With the release of Samsung Galaxy S2, the search for Android crowdsourcing apps has risen. Here are some you might want to consider:
The FCC has released two new Android apps that give users the ability to test their mobile broadband speed and to notify the agency of deadzones where broadband can’t be accessed. Both are available as free downloads from iTunes.
WeTap.org offers an application that maps the location and water condition on public drinking fountains. Although the app is still in beta, the goal is to make it available free to anyone with an Android phone, and ultimately any type of smartphone, in an effort to encourage users to carry a refillable water bottle and spare the landfills some plastic.
If you’re looking for some decidedly local news, anecdotes or other information, try the localized talk radio app from Broadcastr. The app gives folks from all over, the ability to upload audio files, which are then sorted and organized geographically, allowing users to hear local stories on a variety of subjects wherever they go.
Dropbox users will be glad to find the Dropbox app for Android that allows you to save, sync and share files via the Dropbox interface. You can connect via the Web, your PC, and now your smartphone to ensure the files you need are available wherever you go.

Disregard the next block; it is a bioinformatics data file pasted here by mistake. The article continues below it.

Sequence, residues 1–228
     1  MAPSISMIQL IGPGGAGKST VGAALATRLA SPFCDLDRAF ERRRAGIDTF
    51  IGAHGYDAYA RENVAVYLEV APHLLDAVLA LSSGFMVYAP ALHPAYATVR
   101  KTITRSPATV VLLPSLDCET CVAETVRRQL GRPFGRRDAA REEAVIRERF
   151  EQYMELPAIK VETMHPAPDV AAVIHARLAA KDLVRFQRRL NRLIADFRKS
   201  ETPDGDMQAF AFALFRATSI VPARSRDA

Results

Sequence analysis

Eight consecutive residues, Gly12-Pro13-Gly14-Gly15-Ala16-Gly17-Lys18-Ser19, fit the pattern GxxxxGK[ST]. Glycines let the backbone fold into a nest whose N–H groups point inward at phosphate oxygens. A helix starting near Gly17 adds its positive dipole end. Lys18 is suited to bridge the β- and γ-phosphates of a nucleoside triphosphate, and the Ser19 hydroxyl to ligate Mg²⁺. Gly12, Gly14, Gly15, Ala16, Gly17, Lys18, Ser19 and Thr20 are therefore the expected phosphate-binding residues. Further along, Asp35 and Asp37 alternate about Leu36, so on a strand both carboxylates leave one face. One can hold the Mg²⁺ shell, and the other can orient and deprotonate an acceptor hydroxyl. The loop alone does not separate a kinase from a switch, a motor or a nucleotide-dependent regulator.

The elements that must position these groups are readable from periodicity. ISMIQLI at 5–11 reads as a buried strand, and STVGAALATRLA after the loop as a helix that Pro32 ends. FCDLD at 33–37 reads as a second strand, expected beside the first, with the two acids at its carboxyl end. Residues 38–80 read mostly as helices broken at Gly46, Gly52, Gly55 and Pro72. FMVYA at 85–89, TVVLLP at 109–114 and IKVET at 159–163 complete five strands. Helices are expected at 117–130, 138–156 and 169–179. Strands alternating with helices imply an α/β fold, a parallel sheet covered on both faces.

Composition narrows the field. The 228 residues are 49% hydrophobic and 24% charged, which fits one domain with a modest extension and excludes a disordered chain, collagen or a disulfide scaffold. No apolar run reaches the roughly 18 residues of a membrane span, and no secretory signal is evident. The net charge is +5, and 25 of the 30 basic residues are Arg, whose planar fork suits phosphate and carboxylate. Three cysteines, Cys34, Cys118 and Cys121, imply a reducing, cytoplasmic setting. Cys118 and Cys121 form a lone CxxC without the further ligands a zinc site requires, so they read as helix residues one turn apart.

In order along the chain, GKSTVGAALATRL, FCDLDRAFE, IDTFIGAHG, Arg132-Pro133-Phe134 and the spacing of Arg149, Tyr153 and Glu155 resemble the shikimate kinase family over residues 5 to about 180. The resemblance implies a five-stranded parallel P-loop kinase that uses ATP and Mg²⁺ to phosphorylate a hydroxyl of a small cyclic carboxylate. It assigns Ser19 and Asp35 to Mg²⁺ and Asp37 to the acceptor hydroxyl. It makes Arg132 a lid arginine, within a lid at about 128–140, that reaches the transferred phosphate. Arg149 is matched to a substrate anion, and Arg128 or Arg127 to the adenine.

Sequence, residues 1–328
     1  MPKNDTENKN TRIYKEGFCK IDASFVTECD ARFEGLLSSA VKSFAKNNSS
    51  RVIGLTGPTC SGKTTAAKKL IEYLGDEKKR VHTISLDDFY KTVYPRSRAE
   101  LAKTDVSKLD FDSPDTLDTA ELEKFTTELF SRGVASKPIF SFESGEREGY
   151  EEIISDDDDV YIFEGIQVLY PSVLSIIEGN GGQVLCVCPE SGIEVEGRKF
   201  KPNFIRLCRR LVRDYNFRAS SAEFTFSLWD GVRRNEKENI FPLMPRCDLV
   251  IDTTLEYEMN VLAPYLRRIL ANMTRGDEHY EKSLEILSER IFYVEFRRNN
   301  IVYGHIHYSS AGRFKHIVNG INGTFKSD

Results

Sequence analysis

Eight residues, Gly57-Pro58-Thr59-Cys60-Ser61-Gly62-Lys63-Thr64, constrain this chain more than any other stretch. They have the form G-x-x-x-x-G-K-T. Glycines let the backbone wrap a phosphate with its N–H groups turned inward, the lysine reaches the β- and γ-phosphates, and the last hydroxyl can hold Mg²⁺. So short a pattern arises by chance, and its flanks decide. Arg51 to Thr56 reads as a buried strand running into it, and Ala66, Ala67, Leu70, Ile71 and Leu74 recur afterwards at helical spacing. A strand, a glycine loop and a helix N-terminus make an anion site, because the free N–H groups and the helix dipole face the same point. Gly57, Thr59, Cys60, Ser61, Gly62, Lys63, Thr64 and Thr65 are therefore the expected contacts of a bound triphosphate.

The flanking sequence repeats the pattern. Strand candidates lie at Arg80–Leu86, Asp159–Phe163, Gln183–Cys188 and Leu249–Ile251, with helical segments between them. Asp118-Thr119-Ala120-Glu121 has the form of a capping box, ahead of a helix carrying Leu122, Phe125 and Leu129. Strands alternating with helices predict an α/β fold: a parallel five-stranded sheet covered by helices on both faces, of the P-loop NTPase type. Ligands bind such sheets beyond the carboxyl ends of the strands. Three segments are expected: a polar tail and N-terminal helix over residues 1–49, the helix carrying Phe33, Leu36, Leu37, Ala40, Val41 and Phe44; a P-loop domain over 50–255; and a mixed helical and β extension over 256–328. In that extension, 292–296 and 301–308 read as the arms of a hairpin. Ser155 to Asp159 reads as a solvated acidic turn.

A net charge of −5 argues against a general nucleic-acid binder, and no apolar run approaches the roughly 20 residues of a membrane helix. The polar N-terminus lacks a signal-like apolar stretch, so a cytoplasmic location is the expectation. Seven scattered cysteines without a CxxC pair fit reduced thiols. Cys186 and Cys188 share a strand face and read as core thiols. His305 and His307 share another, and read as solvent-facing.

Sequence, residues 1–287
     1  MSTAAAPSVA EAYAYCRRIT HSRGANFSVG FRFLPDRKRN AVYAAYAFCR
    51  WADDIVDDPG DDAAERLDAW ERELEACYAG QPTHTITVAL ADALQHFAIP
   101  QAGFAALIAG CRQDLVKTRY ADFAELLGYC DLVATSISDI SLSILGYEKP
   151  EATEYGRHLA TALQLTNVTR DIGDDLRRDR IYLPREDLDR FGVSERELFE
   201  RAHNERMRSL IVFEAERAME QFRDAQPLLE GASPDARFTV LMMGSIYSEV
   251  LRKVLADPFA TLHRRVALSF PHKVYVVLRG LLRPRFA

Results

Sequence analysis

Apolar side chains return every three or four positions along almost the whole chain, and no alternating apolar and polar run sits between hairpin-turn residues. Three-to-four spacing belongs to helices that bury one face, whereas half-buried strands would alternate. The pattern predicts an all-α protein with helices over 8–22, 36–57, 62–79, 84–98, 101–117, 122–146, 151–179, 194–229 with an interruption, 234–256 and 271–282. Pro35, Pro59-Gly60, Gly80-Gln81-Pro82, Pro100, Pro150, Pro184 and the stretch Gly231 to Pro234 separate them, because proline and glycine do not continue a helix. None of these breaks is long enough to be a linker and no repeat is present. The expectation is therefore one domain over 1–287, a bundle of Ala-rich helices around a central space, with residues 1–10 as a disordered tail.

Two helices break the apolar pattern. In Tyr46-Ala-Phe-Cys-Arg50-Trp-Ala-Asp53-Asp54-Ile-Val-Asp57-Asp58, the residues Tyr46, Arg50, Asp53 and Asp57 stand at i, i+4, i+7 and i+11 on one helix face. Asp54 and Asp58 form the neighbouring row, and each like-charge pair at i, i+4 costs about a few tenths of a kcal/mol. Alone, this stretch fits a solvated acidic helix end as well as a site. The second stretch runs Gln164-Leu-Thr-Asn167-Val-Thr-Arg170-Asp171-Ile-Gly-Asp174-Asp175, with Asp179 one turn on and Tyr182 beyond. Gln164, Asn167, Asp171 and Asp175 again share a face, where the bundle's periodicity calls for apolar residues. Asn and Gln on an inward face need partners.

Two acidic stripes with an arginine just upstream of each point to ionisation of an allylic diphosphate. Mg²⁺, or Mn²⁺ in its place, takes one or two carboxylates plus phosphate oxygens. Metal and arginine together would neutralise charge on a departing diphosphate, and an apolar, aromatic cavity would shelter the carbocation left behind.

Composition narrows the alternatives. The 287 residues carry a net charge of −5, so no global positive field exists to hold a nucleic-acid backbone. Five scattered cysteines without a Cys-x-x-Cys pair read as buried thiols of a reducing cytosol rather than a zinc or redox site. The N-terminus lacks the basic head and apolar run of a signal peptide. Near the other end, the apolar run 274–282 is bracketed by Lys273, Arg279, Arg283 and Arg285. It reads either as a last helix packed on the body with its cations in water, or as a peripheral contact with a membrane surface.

Of course, there are hundreds of other crowdsourcing apps such as Gmail that allows you to keep in touch via email, Office Suite that lets you to read, edit and share Word, Excel or Powerpoint documents, schedule apps and alarms to help you keep track of meetings and coordinate projects, and more. The biggest problem will be deciding which apps to try first.
One thing to keep in mind as you search for apps is that there are several styles available. If you try one and decide you don’t like it, you can always look for something else that offers the same basic functionality but possibly in a slightly different format or design.